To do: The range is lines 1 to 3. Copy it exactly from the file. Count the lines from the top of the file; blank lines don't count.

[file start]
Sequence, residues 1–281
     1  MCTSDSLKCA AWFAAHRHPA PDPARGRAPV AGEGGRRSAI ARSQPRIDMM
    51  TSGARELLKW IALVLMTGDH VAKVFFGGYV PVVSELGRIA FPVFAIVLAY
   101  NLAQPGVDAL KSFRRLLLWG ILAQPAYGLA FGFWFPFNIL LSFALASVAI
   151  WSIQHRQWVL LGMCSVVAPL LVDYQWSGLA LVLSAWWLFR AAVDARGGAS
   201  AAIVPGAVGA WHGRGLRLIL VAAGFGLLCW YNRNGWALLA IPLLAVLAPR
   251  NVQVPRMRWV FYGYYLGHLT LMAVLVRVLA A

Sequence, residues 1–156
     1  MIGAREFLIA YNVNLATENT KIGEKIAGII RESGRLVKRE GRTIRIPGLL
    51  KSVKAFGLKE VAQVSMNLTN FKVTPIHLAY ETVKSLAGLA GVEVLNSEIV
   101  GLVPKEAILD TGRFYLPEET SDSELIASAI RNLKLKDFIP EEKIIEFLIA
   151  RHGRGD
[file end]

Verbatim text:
Sequence, residues 1–281
     1  MCTSDSLKCA AWFAAHRHPA PDPARGRAPV AGEGGRRSAI ARSQPRIDMM
    51  TSGARELLKW IALVLMTGDH VAKVFFGGYV PVVSELGRIA FPVFAIVLAY